VicRoads Cycle Notes 21 (August 2013) has advice on the widths of off-road shared use paths. It is not the most recent. Austroads Guide to Road Design Part 6A: Paths for Walking and Cycling (AGRD06A) and the Netherlands CROW publication are more recent. Still, it is worth noting that even back in 2013 VicRoads were aware of what we in Canberra need and still do not have.
Shared paths are ripe for conflicts. As the traffic increases, so do the conflicts between pedestrians and cyclists. There comes a point where a small increase in traffic results in much greater confusion and the traffic on the path slows. We could call this congestion, however, in this case it is people and bikes. The carrying capacity of the shared path increases with width, however, shared paths are inefficient due to lack of conventions. The problem is systemic. The same path width can carry much more traffic if the pedestrians and cyclists are separated without taking up more space on the verge. The reason is simple: cyclists are much faster than pedestrians, and the speed differences create friction (comparative speeds are 25km/h for bikes and 5km/h for pedestrians).
VicRoads comes to the conclusion that a 4m wide shared path provides WORSE outcomes for ALL path users than two separated paths that total to the same width, in this case a 2.5m wide cycle only path and 1.5 m wide pedestrians only path.1
The ACT Government should listen. Shared paths are not the best option for Principal Cycle Routes (CBR Cycle Routes). The same space and material carries greater capacity when the paths are separated. No doubt the paths are safer too. Principal Cycle Routes should be cycle only paths and separated from pedestrians.
Principal Community Route (PCR) –A subset of Main Community Routes (MCR) that form direct links between town centres. There are routes that are to include route labels and branding.Active Travel Facilities Design – Municipal Infrastructure Standards 05 (MIS05) (ACT Government, April 2019)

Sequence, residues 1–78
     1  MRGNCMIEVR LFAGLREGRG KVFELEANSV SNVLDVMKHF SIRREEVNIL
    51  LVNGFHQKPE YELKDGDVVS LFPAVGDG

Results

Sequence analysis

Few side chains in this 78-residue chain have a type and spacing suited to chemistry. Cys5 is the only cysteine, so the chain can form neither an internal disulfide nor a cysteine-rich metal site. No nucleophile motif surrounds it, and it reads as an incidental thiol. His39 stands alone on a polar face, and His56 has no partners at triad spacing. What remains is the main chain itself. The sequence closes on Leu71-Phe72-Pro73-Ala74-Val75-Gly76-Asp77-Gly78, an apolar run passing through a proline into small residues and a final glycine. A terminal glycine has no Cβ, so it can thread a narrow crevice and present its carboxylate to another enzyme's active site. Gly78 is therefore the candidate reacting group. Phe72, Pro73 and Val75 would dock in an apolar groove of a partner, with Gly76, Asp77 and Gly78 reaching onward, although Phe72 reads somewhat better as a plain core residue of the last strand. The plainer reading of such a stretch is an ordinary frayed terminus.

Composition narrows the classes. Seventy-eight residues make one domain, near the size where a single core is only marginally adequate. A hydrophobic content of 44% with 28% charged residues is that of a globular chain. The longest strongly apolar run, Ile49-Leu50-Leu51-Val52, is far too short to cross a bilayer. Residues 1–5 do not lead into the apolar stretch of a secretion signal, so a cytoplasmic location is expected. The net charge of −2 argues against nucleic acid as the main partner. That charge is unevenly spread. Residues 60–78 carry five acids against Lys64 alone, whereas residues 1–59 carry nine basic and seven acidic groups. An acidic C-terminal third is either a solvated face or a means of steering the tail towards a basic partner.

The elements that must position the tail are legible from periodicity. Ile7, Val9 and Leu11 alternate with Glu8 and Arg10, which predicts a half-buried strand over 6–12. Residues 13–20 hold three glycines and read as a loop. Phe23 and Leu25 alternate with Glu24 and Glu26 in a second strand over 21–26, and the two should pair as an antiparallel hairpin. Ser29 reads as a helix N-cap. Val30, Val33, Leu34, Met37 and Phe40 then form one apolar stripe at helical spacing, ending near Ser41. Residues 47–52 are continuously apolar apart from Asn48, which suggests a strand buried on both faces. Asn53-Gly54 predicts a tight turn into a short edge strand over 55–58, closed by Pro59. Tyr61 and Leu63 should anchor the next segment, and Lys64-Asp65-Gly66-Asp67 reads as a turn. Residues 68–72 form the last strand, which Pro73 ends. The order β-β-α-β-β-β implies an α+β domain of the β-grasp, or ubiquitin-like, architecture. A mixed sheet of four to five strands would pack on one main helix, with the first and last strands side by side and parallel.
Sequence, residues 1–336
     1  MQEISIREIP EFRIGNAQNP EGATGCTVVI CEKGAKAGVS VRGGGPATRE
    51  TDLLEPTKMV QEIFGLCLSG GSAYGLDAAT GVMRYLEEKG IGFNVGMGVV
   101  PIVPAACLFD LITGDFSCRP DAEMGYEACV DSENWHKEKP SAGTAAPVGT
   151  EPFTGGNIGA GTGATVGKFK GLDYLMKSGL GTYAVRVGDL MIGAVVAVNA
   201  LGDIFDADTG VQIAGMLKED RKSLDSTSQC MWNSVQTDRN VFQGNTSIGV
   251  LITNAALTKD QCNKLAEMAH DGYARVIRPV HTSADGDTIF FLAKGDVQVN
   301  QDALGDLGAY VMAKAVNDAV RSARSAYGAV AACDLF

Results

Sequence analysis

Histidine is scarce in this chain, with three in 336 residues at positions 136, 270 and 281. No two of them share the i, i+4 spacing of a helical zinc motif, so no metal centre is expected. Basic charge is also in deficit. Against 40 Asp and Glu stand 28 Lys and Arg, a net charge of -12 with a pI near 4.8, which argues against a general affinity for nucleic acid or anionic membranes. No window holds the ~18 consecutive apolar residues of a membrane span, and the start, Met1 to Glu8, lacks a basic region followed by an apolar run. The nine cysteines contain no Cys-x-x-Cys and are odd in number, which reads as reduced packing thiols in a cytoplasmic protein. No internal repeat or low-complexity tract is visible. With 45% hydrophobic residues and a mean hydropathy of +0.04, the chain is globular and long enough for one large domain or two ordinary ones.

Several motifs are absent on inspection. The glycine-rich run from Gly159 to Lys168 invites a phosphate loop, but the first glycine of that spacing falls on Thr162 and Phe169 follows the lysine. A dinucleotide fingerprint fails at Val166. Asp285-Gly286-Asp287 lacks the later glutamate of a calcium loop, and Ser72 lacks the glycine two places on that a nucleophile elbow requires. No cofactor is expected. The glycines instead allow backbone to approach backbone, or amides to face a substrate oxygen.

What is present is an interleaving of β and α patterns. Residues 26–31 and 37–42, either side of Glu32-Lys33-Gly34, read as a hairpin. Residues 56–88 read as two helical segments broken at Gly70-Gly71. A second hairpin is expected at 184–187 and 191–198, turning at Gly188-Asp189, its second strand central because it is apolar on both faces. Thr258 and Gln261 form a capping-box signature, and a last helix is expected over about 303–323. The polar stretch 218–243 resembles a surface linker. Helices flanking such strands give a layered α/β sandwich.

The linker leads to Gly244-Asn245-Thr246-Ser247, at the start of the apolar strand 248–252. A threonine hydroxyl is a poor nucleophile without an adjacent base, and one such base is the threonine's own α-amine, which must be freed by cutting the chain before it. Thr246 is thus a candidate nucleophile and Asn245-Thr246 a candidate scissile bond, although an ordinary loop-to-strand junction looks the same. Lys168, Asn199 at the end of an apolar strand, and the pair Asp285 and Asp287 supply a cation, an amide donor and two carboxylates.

VicRoads looks at the nature of the interactions between pedestrians and cyclists.
The number of delayed passing increase significantly as the volume of pedestrians increase due to the speed differential between cyclists and pedestrians.Passing and meetings, VicRoads Cycle Notes 21, Widths of Off-Road Shared Use Paths, August 2013
While it is accepted that we drive on the left in Australia, pedestrians do not generally think it applies to shared paths. Cyclist will ride left as they do not want to collide with another cyclist coming at speed around a corner. Pedestrians seem completely unaware of this. As the path gets wider, pedestrians seem to scatter themselves randomly across the surface (Lake Burley Griffin share path) leaving the cyclist little choice but to swerve around them, instruct them to stay left or ring a bell, so they get clear. Such difficulties are avoided with separated paths for cyclist and pedestrians, should everybody remain in their own area.
The surface of the path is important too, as pedestrians and cyclists have different preferences. It is not just aesthetic. Bikes have wheels (with usually no suspension) and we have feet. Small undulations between pavers are unnoticeable to pedestrians but create vibrations through the bike at speed. Vibrations increase fatigue, can blur vision, slow the bike down, and increase the cycling effort. This is why cyclist favour smooths surfaces such as asphalt. Asphalt paths need to be made well and protect from moisture and tree roots or they will become rapidly cracked and uneven.
1 VicRoads Cycle Notes 21, Widths of Off-Road Shared Use Paths, August 2013.